Marijuana the Super Bowl storyline that won’t go away
As the Super Bowl draws nearer, the anticipation for the matchup of the league’s top offense vs. the league’s top defense grows.
But growing nearly as quickly in New York? The shadow marijuana is casting over the big game.
Less than a week after NFL commissioner Roger Goodell said he would be open to marijuana as an option to treat head injuries should the science support it, the issue again came to the forefront Monday.
Only two states currently allow legal recreational use of marijuana — Colorado and Washington, the home states of the AFC and NFC champions — so use of the drug as a talking point in Super Bowl Week is little surprise. On Monday, Seattle Seahawks head coach Pete Carroll sounded off on the topic, telling the media in New Jersey that, regardless of the stigmas involved, the medicinal value of the drug should be examined, "because the world of medicine is trying to do the exact same thing and figure it out and they’re coming to some conclusions."
Of course, it is Super Bowl Week, where not all the news is of the serious variety. And this subject is no different.
We present the case of Bryan Weinman.
Two weeks ago, the nightclub DJ and a few buddies were sitting at a sports bar in Denver, joking about how funny it would be if the Seahawks and Broncos made it to Super Bowl XLVIII. They decided to plunk down a $44 wager — the fee for registering the Internet domain www.stonerbowl.org — just before the Seahawks and Broncos won their conference championships.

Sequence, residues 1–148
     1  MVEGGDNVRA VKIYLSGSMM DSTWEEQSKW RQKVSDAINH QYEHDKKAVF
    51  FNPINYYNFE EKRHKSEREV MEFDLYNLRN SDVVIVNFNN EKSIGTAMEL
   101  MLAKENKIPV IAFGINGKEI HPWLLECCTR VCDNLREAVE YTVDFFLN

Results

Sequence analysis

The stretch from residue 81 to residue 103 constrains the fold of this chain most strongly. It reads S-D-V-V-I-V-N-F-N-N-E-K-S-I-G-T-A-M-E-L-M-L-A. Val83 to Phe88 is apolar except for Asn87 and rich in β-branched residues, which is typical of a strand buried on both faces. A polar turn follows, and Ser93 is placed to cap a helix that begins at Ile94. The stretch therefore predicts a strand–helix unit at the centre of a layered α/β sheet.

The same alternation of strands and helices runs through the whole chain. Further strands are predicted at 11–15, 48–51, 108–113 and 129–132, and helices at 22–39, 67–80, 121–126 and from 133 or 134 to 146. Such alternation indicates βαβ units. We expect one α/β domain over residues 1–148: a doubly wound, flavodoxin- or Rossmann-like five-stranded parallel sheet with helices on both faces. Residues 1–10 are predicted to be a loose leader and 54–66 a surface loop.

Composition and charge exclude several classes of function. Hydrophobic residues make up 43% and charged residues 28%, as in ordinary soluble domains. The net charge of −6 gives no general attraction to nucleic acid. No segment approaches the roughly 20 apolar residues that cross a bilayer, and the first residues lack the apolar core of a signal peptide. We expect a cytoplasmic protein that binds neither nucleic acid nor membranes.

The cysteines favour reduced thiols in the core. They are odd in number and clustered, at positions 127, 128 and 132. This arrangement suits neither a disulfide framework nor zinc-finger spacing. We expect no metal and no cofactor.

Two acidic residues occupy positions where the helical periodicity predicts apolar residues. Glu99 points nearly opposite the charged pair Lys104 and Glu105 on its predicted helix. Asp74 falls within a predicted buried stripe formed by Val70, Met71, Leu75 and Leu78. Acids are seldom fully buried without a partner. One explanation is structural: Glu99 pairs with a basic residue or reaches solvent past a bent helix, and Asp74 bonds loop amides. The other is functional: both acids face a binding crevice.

It paid off. They’re now using the site to hawk T-shirts and hats celebrating the coincidence. One shirt features the Vince Lombardi Trophy, reserved for the game’s victors, refashioned into a bong. Another features a spoof of the league’s logo, with the letters "THC" — for marijuana’s active compound — replacing "NFL."
From weed-themed Super Bowl parties to a Denver company’s "Stoner Bowl" tours of recreational pot shops, this year’s Super Bowl offers a twist on a sporting event better known for its beer commercials. Thanks to the recreational marijuana laws passed by voters in 2012, sales of taxed pot to adults over 21 began at Colorado pot shops Jan. 1 and are due to begin in Washington later this year.
There have been a slew of predictable, ready-made puns, most of which have to do with "bowl" being the part of the pipe where pot goes. Some fans have issued not-quite-serious calls for a cannabis-friendly musician — say, Willie Nelson or Snoop Dogg — to sing the national anthem.
"I’m staying home and will be watching the Super Bowl while I light up my own Super Bowl," well-known stoner Tommy Chong, of the comedy duo Cheech and Chong, wrote on its Facebook page. The pair released a publicity photo doctored to show Chong in a Seahawks headband and Cheech Marin in a knit Broncos hat.
The Washington chapter of NORML, the National Organization for the Reform of Marijuana Laws, said it would be rooting on the "THC-Hawks." It made a friendly bet with Colorado NORML for what they’re calling "Bud Bowl XLVIII."